If there is a dead horse worth beating, it is the inadequacies of the current acquisition system.   But let’s hate the game, not the players here.  I know many working in the acquisition process.  And they will agree something’s got to change.

The other paragraph catching my attention discussed this “Building Partner Capacity” (BPC) mission:

The concept of building partner capacity rests on the idea that U.S. intervention in global crises can be limited by picking factions most aligned with American interests and providing them with material support and training. Such is the case in Afghanistan and Iraq, where the Army has supported fledgling government forces to help them fend off bloody insurgencies.

Perhaps the old guard has finally dropped that 90’s term “nation building” here?   I recall those long, boring lectures about this “new facet” to Army operations that emerged from the dust as the iron curtain collapsed.  The new spin here is that part about “picking factions.”  The old “nation building” notion prescribed a non-affiliated and non-partisan peacekeeper force that would naturally work through the complexities to forge a new “happy land” out there in which the Krasnovians and Mojavians would hold hands and live together in harmony.  Yea, right….

The approach to BPC will emphasize “rule of law” and “anti-corruption.”  That means the national command authority has got to invest a lot of confidence in decisions made on the ground by guys with bars and stripes on their collars.  Those junior leaders will be in effect “picking factions” that will define the BPC engagement.  This also puts the Army in the role of consciously defining the future of the “partner.” All this, of course, when the same Army practically has “apolitical” enshrined as a core value.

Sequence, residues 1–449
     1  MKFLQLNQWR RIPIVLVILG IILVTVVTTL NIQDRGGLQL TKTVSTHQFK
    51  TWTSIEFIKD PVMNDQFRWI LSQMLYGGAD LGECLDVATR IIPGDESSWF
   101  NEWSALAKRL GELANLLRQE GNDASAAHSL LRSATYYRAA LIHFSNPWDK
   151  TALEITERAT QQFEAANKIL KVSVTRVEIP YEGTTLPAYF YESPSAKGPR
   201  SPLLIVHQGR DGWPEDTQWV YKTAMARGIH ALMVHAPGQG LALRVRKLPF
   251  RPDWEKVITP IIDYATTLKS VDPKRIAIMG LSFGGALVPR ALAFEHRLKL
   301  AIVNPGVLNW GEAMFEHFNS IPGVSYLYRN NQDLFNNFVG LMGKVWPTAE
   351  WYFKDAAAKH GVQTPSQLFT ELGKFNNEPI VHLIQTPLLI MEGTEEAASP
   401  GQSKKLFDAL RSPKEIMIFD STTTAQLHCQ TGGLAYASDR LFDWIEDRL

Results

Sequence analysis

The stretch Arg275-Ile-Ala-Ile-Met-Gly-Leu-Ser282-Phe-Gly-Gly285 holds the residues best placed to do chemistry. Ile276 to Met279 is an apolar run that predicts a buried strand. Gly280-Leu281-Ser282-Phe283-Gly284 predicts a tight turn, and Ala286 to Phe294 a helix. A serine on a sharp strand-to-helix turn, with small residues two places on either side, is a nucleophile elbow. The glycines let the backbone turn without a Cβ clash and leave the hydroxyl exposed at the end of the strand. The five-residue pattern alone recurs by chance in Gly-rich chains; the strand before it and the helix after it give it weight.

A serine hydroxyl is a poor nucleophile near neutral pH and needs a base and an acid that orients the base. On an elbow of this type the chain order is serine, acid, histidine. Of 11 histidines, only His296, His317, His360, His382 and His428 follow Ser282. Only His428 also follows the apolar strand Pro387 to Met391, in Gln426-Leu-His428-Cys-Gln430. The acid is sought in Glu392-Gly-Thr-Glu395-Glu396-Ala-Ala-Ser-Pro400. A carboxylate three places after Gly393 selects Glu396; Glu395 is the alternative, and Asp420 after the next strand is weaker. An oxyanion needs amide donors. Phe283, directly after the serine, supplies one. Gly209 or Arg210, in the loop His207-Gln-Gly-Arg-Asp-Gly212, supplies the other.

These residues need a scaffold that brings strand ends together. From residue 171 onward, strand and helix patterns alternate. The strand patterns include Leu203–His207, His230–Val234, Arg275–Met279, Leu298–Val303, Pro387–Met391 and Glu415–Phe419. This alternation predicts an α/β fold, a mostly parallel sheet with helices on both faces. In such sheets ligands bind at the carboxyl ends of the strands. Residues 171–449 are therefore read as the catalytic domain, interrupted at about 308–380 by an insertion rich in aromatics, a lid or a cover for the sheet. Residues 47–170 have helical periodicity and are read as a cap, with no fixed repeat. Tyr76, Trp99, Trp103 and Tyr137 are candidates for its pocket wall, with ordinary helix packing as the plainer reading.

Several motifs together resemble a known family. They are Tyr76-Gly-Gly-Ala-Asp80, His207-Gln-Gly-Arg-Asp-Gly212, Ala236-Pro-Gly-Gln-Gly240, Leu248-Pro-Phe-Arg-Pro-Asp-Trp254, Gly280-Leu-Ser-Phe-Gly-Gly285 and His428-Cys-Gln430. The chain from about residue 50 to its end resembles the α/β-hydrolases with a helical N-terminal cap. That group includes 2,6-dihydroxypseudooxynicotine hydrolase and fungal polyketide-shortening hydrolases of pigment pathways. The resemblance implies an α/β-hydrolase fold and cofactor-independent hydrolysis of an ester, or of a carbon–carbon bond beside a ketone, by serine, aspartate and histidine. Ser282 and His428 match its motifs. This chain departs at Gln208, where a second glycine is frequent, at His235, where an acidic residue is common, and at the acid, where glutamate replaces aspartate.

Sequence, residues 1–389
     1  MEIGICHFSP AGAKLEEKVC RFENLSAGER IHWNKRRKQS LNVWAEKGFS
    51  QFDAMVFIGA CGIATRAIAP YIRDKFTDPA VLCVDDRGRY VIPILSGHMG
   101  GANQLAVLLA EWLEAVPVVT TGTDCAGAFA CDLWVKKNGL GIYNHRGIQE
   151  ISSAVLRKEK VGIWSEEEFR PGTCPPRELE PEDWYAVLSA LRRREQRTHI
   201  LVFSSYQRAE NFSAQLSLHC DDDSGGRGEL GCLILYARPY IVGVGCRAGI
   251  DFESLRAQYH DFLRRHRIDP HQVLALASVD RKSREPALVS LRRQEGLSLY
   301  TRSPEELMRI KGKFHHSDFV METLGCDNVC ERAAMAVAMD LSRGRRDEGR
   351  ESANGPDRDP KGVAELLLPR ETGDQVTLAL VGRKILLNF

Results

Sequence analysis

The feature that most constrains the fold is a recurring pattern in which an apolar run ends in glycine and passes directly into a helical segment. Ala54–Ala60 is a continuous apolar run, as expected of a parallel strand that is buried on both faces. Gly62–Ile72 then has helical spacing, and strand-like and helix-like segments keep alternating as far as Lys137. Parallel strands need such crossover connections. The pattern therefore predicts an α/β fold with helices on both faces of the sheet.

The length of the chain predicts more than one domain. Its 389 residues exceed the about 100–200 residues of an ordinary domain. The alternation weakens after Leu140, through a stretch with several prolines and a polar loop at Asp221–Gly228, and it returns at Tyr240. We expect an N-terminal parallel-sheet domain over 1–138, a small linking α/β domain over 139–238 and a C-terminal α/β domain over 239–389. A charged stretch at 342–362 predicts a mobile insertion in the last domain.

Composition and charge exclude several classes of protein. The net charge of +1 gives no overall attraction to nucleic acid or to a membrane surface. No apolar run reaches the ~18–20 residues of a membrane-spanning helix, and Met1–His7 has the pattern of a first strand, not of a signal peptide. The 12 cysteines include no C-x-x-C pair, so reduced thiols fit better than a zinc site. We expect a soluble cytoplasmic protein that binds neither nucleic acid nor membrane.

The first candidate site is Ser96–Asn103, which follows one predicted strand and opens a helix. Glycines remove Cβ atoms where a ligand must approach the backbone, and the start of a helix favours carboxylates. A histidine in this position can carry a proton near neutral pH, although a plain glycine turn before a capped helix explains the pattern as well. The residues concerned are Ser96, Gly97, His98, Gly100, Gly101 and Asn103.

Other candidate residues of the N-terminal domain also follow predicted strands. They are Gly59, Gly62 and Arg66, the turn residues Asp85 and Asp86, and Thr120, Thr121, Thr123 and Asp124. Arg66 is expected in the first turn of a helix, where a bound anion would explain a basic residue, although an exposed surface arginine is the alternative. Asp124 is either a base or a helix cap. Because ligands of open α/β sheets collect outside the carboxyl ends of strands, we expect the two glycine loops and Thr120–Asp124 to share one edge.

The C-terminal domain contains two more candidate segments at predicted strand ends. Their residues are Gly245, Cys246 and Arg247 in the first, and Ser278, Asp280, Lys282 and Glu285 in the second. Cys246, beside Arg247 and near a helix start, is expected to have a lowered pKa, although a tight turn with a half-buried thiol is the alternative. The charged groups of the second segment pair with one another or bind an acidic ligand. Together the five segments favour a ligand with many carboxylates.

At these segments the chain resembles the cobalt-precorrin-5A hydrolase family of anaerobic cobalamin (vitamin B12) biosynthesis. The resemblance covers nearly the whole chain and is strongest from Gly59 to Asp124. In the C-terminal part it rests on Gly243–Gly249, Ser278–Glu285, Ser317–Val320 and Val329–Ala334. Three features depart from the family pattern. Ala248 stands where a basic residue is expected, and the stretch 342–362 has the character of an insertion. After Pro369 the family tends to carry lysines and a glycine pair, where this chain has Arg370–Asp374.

I’m interested to see the doctrinal changes this approach brings, as well as the changes to leadership methods.  The bigger question, of course, is how much of this would General Dempsey carry forward as the Chairman of the JCS.

Gallup: Vets and active-duty military rate Obama lower than civilians « Hot Air

Color me shocked.


Gallup: Vets and active-duty military rate Obama lower than civilians « Hot A

The military isn’t a monolithic bloc of conservative voters. Lots of troops aren’t political at all. But there is a decided conservative slant to the culture.

Having said that, you’d THINK the military would be an almost ideal recruiting ground for liberals. It is full of young, idealistic people who are motivated enough to take action to achieve their goals. It has long been the most minority-friendly employer out there, where people can rise based on competence and effort, not political connections.


Memorial Day

I posted this two years ago, and frankly, I don’t think I can really improve on it-XBradTC

Today is Memorial Day. Today is the day we remember all those who gave their lives in the service of this great nation.

Most of us have seen pictures or film of Arlington National Cemetery, or perhaps the beautiful National Cemetery of the Pacific, better known as The Puchbowl.

Of course, over the last 7 years, we’ve seen servicemembers killed in Afghanistan and Iraq come home to be laid to rest. The older folks among us remember the constant stream of casualties brought home from Vietnam.